If you grow roses, you need to be aware of potential insect pests, how to identify them, and what you can do about them. Consider using natural products to control insect pests.
Aphids are the most frequent pest problem. They make their home in the rose buds and shoots. Low or even moderate numbers of aphids pose little threat to your roses, though you need to keep a close eye on how they spread. High numbers of aphids produce an excess of honeydew, which encourages the growth of mold and eventually blackens the rose leaves. Lots of aphids may also diminish the size of the flowers and cause buds to die.
Aphids have natural enemies, including lady beetles and syrphid flies, which help keep the aphid population under control. You can remove aphids from roses with a spray of water or with insecticidal soaps. Aphids are usually only a problem during the spring and early summer, and usually you do not need insecticides to control them.
2. Spider Mites
If your rose leaves are stippled or dried up and falling off, then spider mites could be the problem. Spider mites are so tiny that you probably need a magnifying glass to see them. Their presence is usually the result of dry, dusty conditions. You can try to control these pests by reducing dust and ensuring that your plants have sufficient water.
3. Fuller Rose Beetles
Adult beetles chew away at the flowers and leaves of rose bushes. You can usually detect these insect pests by the ragged edges of your blooms and foliage. The beetles feed during the night and hide during the day on the underside of leaves. Pesticides are not effective in dealing with these insects, so the best solution is to handpick the beetles off your roses.
Thrips are usually attracted to light-colored or white roses and leave brown streaks on the flowers. Thrips are a big problem with closely planted rose bushes because these insect pests can move easily from one plant to another. Thrips are difficult to control with pesticides, which are only effective at the thrips’ development stage. The best thing to do is clip and dispose of infected blooms.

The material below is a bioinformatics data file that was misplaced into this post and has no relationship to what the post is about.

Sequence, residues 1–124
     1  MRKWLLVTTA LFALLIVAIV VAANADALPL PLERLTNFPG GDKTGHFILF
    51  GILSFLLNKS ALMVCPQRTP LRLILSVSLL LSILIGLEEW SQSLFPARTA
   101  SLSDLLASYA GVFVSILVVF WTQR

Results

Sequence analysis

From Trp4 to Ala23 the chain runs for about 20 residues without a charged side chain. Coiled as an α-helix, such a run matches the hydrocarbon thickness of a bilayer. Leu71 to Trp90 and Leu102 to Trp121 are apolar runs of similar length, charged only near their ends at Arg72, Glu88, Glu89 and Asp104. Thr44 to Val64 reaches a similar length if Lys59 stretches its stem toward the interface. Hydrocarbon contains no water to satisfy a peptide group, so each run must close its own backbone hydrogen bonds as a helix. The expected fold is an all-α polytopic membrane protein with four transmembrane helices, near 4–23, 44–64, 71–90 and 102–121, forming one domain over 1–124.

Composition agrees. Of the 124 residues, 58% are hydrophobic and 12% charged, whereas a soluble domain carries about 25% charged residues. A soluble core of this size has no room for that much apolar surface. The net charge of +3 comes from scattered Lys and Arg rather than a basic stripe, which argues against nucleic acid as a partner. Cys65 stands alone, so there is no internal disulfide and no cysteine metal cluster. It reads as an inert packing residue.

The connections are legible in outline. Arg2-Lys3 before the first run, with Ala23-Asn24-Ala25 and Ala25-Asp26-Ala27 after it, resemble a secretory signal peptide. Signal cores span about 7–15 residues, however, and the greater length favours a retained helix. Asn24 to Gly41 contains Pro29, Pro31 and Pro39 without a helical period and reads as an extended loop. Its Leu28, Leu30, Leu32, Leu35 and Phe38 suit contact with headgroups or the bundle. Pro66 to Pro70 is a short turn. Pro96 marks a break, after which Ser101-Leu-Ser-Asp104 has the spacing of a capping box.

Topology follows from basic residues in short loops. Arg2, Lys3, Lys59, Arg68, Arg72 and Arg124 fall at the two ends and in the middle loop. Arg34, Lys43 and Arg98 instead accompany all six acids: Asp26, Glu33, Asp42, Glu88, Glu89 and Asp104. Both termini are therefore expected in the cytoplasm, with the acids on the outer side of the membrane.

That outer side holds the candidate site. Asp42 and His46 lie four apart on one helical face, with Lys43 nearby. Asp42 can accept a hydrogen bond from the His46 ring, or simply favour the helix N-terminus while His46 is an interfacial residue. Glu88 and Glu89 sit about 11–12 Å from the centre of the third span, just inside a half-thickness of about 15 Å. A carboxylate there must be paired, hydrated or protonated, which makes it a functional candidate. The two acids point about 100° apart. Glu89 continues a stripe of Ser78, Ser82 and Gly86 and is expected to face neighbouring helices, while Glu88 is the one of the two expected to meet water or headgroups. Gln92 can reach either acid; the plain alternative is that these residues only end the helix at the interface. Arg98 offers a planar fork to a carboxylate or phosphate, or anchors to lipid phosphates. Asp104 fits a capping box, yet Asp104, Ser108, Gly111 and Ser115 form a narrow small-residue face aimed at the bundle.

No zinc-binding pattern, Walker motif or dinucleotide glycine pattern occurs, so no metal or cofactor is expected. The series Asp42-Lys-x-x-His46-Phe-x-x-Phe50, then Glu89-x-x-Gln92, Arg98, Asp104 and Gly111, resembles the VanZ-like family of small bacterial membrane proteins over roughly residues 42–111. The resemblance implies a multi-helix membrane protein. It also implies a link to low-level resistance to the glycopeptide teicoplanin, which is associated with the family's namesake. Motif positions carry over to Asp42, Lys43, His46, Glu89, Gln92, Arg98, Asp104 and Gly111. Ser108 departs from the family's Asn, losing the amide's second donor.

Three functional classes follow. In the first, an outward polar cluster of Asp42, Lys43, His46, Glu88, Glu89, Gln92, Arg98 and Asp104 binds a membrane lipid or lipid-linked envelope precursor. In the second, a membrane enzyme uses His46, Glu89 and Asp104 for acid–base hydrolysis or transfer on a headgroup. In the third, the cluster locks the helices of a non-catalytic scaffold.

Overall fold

Some types of caterpillars feed on rose leaves. Usually the damage does not threaten the rose plant. Simply remove the rolled leaves and prune any damaged buds. If you need more help, try a caterpillar control liquid.
6. Rose Slug
Rose slugs are the larva of a sawfly, but they resemble caterpillars because they have legs. You can wash off rose slugs with a forceful spray of water or let one of their natural enemies take care of the problem for you.
7. Leafcutter Bees
Leafcutter bees make semicircular holes in leaves and take this material to their nests. You’ll just have to live with it, as there is no effective way to stop the leafcutter bees other than killing them. Killing bees is not recommended because they are natural pollinators.
8. Rose Curculio
Rose Curculios prefer yellow and white roses. These insect pests are about a quarter of an inch long and punch holes in the flowers and buds. The larvae feast on developing buds, killing the buds before they can open. You can get rid of rose curculios using an insecticide.
9. Flat Headed Borers
Flat headed borers can kill canes or the entire rose plant. Remove any material infested with these borers. Also, keep your rose plants healthy by not overpruning in the summer months and ensuring sufficient water.
10. Scale Insects
Scale insects also pose a threat to the canes. Scale insects have armored scales and look like small, gray rounds or ovals. These insect pests don’t really move because they have no legs for most of their lives. The best way to get rid of scale insects is to prune infected canes and put pesticide oil on remaining canes.
Natural insect pest control products.
Rose photos courtesy of www.cepolina.com/freephoto/.